29 According to the Clerk of the House website, the 62nd Congress as elected in 1910 included 230 Democrats, 162 Republicans, 1 Progressive Republican and 1 Socialist. <> (May 5, 2005).

30 Sanders, Elizabeth, Roots of Reform: Farmers, Workers, and the American State, 1877-1917 (Chicago, 1999) .

31 Bartels, Larry M., “Electoral Continuity and Change, 1868-1996,” Electoral Studies 17 (September 1998): 290, 301-26 .

32 Mayhew, David R., Electoral Realignments: A Critique of an American Genre (New Haven: 2002), 104–05 . For a recent argument emphasizing the realignment of 1896, see Jensen, Richard, “Democracy, Republicanism, and Efficiency: The Values of American Politics, 1885-1930,” in Contesting Democracy: Substance and Structure in American Political History, 1775-2000, ed. Shafer, Byron E. and Badger, Anthony J. (Lawrence, 2001) . Bartels and Mayhew take on the specific claims of realignment theory, which comprises a logically robust and even predictive set of postulates. Scholars may salvage a weaker version of an 1890s realignment, but it will have correspondingly weaker analytical value. For an argument on Congressional realignment in the same period, see Jenkins, Jeffery A., Schickler, Eric, and Carson, Jamie L., “Constituency Cleavages and Congressional Parties: Measuring Homogeneity and Polarization, 1857-1913,” Social Science History 28 (Winter 2004): 537573 . Daniel Klinghard makes the argument that McKinley innovated in party organization, which constituted a kind of realignment: Klinghard, Daniel P., “Turn of the Century Politics and Party Realignment,” paper presented at the Southern Political Science Association, January 7-10, 2004 .

33 Morgan, H. Wayne, William McKinky and His America (Syracuse, 1963), 527 .

34 Hilderbrand, Robert C., Power and the People: Executive Management of Public Opinion in Foreign Affairs, 1897-1921 (Chapel Hill, 1981), 199 ; Gould, Lewis L., The Presidency of William McKinley (Lawrence, 1980), 241 .

35 Gould, Lewis L., The Modern American Presidency (Lawrence, 2003), 15 .

36 Wiebe, Robert H., The Searchfor Order, 1877-1920 (New York, 1967), 166 .

37 Galambos, Louis, “The Emerging Organizational Synthesis in Modern American History,” Business History Review 44 (autumn 1970), 280 ; Galambos, Louis and Pratt, Joseph, The Rise of the Corporate Commonwealth: U.S. Business and Public Policy in the Twentieth Century (New York, 1988), 44 .

38 Wiebe, Robert H., Businessmen and Reform: A Study of the Progressive Movement (Cambridge, Mass., 1962), 6 .

39 See also Thompson, J. A., Progressivism, British Association of American Studies Pamphlets no. 2 (1979), 37 .

40 Robert La Follette did, like Roosevelt, support McKinley during McKinley's life but as Nancy Unger notes he, like Roosevelt, tried mightily to bring Bryanism (without calling it Bryanism) into the Republican Party afterward. Unger, Nancy C., Fighting Bob ha Folktte, the Righteous Reformer (Chapel Hill, 2000), 107–10 .

41 Chandler, Alfred D., The Visible Hand: The Managerial Revolution in American Business (Cambridge, Mass., 1977), 174 .

42 Wiebe, Robert H., “The Anthracite Strike of 1902: A Record of Confusion,” Mississippi Valley Historical Review 48 (September 1961): 229–51 , quote from 237.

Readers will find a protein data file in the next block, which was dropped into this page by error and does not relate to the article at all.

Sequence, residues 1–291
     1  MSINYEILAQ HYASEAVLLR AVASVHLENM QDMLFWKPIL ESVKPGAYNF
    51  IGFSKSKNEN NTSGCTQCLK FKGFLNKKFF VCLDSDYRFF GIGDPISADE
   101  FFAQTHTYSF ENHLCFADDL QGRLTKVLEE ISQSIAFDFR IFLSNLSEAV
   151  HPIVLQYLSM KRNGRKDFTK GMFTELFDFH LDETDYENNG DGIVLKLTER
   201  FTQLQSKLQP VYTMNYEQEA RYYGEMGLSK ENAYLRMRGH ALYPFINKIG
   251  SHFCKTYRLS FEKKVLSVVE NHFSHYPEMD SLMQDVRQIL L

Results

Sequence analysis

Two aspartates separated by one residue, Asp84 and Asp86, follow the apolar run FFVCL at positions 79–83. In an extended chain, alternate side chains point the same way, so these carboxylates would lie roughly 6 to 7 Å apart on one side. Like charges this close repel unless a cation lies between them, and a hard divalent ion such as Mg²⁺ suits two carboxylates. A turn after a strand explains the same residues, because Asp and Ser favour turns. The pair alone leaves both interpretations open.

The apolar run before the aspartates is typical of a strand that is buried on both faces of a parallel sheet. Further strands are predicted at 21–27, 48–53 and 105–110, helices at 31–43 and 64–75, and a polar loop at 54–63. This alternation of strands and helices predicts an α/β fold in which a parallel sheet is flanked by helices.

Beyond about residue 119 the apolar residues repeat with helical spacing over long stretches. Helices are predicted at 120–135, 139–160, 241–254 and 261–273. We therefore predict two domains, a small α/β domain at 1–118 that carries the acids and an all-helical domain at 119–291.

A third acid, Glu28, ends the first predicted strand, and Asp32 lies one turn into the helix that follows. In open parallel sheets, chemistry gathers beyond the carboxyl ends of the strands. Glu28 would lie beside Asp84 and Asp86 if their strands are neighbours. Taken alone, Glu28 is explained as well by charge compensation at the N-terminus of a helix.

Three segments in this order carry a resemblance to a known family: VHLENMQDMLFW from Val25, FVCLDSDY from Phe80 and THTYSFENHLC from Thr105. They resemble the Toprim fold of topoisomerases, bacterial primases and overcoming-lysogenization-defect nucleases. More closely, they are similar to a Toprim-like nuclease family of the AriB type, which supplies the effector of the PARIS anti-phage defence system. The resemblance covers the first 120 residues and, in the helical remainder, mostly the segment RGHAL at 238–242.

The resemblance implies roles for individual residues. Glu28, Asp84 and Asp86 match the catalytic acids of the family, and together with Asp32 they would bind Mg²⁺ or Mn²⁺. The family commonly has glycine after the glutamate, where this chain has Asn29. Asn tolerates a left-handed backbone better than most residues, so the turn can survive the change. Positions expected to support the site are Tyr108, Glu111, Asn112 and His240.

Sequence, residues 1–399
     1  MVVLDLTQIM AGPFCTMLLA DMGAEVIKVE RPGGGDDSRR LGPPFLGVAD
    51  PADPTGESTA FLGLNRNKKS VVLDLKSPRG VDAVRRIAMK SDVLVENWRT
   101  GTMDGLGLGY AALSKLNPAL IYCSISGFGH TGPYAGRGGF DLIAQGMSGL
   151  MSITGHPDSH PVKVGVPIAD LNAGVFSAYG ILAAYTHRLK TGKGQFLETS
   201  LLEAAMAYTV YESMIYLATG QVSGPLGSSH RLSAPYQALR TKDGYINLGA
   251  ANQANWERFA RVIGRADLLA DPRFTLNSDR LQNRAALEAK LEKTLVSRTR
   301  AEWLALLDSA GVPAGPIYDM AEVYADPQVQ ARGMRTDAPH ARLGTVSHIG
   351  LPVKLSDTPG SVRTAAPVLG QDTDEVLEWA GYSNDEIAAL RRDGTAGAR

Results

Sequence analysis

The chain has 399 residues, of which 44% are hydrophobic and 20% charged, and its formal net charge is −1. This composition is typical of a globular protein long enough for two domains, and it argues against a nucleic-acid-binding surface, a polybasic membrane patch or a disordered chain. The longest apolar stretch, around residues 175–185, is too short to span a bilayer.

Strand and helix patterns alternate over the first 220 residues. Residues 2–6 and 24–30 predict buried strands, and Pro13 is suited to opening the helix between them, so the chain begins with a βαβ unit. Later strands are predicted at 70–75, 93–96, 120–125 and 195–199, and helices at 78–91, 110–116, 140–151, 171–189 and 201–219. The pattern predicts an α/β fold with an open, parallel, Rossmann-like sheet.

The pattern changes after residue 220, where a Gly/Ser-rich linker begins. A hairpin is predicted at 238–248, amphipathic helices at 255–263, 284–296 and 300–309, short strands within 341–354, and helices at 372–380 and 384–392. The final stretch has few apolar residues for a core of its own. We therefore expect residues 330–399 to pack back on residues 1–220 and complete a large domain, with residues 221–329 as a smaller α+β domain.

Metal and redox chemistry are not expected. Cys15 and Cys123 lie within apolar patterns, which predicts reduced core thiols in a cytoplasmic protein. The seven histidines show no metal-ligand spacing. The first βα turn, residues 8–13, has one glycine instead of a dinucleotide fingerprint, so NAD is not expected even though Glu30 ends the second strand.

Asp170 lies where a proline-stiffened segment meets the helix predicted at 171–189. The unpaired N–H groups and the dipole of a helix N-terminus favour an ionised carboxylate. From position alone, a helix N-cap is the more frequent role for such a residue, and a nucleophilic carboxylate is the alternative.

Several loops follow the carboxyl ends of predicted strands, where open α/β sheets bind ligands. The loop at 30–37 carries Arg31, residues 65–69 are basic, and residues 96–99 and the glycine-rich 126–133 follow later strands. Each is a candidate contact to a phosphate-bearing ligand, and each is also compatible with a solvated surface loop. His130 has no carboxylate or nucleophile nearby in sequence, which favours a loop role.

43 See , Phillips, McKinley, 123–24 .

44 Ibid., 128.

45 Beard, Charles A., Contemporary American History, 1877-1913 (1914 ; reprint New York, 1918), 255, 258-59.

46 Sherman, Stuart P., Americans (New York, 1923), 273 .

47 “Harding Nominates Taft,” New York Times, June 23, 1912, p. 2 .

48 See e.g. ”Opponents of Taft Uniting on Hughes,” New York Times, October 28, 1907, p. 4 ; ”Choice of Taft against Party Will,” New York Times, June 21, 1908, p. Cl .

49 , Mayhew, Electoral Realignments, 104–05 .

50 Zimmermann, Warren, First Great Triumph: How Five Americans Made Their Country into a World Power (New York, 2002), 265 .

51 , Morgan, McKinley, 412 . See also , Gould, McKinley, 141–42 .

52 On evidently insufficient troo p strength in what otherwise can be viewed as a militarily successful counter-insurgency, see linn, Brian McAllister, The Philippine War, 1899-1902 (Lawrence: 2000) .

53 , Zmmermann, First Great Triumph, 404 .

54 lbid., 445.

55 Grenville, J. A. S., “Diplomacy and War Plans in the United States, 1890-1917,” in The War Plans of the Great Powers, 1880-1914, ed. Kennedy, Paul (London, 1979) .

56 , Schlosser, Americans, 95 .

57 Ibid., 89.

58 Roth, Philip, American Pastoral (1997; New York, 1998), 86 .

59 For another recent journalistic account of such ideas, see Krakauer, Jon, Under the Banner of Heaven (New York, 2003) .

60 Fein, Robert A. and Vossekuil, Bryan, “Assassination in the United States,” Journal of Forensic Sciences 44 (1999): 321–33, esp. 323 .

61 , Schlosser, Americans, 39 .

62 Rauchway, Eric, Murdering McKinley: The Making of Theodore Roosevelt's America (New York, 2003), 102 . The spirit of full disclosure compels me to say that the view of Czolgosz in my own book is similar to Schlosser's, though my politics are I suspect not Schlosser's, and I wrote the book without knowledge of his then-unpublished and -unstaged play and from a different angle; I worked mainly from the notes of Vernon Briggs and Walter Channing in their postmortem investigation of Czolgosz's motives.

63 , Schlosser, Americans, 96 .

64 , Lemann, “The Redemption,” 63 .

65 Lemann, Nicholas, “The Iraq Factor,” The New Yorker, January 22, 2001, p. 34 .

66 See e.g. United States Government Manual, March 1945 (Washington, DC, 1945), 318, 613 ; Hunt, Gaillard, The Department of State of the United States: Its History and Functions (New Haven, 1914), 244–45 .

67 , Schlosser, Americans, 6 .